Top skeet shooters competing for Western Canadian titles

Lucas Punkari/Daily Herald Brad Semaka of Olds, Alta. fires a shot at the Prince Albert Pistol & Rifle Club Friday afternoon during the 2018 Western Canadian Skeet Championships.

For those that think skeet shooting is just about firing at a moving target, they might be surprised to learn that it’s easier said than done.

As competitors battle it out this weekend at the Prince Albert Pistol & Rifle Club at the 2018 Western Canadian Skeet Championships, they need to be well versed in a variety of events.

“In the doubles competition, you have targets coming out of a high house and a low house at the same time,” Prince Albert Pistol & Rifle Club president Steve Jeffers said. “In the other events, you have eight stations where you have a single shot from each station, then the doubles right afterwards at a couple of the other stations, so you have a small window of opportunity to get it right.

“As you move up in gauge from the 12 gauge to the .410 bore, there’s less lead in the air. You go from an ounce and a 1/8 in the 12 gauge to around half an ounce in the 410. It makes it a challenge and you can really see the strong shooters stand out from the pack.”

Lucas Punkari/Daily Herald
Brad Semaka of Olds, Alta. fires a shot at the Prince Albert Pistol & Rifle Club Friday afternoon during the 2018 Western Canadian Skeet Championships.

This weekend’s event marks the first time the club, which is located west of the city, has hosted a major competition since the provincial championships two years ago.

“We have people here from as far west as Vancouver Island and as far east as Ontario,” Jeffers said. “It’s nice to have them come to our club and it’s good for us as it helps us make some money to keep us going strong.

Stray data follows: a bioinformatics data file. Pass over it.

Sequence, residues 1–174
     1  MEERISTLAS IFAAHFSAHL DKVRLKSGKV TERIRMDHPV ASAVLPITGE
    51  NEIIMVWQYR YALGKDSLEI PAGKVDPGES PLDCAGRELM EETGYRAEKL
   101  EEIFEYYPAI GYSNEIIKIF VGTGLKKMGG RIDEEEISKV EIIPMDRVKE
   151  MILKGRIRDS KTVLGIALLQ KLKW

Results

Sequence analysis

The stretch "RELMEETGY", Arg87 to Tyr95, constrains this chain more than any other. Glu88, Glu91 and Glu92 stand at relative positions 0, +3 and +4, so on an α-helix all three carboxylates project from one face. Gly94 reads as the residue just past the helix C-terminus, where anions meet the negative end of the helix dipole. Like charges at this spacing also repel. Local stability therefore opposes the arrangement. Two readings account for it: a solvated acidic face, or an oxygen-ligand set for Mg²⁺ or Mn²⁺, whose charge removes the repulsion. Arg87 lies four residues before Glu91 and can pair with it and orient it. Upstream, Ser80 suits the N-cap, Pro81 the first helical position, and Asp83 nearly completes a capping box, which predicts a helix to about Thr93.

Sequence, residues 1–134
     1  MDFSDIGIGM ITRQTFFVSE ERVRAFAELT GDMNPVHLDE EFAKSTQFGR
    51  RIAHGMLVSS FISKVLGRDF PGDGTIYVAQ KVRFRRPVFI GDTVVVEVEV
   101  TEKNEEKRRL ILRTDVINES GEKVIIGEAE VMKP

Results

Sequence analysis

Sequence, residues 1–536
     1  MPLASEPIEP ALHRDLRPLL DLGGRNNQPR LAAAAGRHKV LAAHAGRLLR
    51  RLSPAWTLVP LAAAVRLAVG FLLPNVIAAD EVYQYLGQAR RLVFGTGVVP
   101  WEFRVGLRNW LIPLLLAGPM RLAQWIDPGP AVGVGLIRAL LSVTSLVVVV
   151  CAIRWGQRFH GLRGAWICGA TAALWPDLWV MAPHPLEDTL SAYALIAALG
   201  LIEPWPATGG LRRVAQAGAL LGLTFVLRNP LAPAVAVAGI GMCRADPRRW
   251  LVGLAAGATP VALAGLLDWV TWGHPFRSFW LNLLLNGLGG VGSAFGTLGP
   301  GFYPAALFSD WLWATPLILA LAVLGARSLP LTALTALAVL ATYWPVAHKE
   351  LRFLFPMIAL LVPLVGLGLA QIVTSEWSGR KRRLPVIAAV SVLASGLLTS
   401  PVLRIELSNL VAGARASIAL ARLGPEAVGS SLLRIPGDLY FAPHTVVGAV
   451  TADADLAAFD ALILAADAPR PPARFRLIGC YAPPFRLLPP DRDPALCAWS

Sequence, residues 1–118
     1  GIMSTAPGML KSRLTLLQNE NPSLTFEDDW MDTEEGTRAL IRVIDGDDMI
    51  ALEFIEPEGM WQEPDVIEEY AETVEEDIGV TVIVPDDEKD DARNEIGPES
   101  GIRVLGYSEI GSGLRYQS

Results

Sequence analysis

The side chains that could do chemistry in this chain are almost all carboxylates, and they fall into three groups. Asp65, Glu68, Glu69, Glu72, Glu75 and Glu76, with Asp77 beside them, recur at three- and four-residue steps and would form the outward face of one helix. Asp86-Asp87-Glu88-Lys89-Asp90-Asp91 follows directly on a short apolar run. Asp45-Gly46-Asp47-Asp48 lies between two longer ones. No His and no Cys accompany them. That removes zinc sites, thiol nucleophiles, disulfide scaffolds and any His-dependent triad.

“It’s like a provincial or a national event with how strong the field is and all you have to do is just show up and compete. Plus, you get to see how well you do compared to everyone else across Canada when the results are posted on the National Skeet Shooting Association website.”

As each event takes place over the course of the weekend, the facility will provide them a good place to shoot from as the competitors battle it out.

“You are always looking forward so you want to make sure that the background isn’t blurring out the target,” Jeffers said. “We’re fortunate here that there’s a lot of green space and the trees are in the background, especially compared to a place like Saskatoon where you are overlooking the water and shooters complain about the reflection messing them up.

“It’s a lot like golf where everyone has an excuse when things don’t go right. However, the bottom line is that you are all shooting at the same target and I think you’ll see the top guys are the ones that are always getting high scores.”

The competition will continue at 9 a.m. on Saturday and Sunday, with the final trophies being handed out Sunday afternoon.

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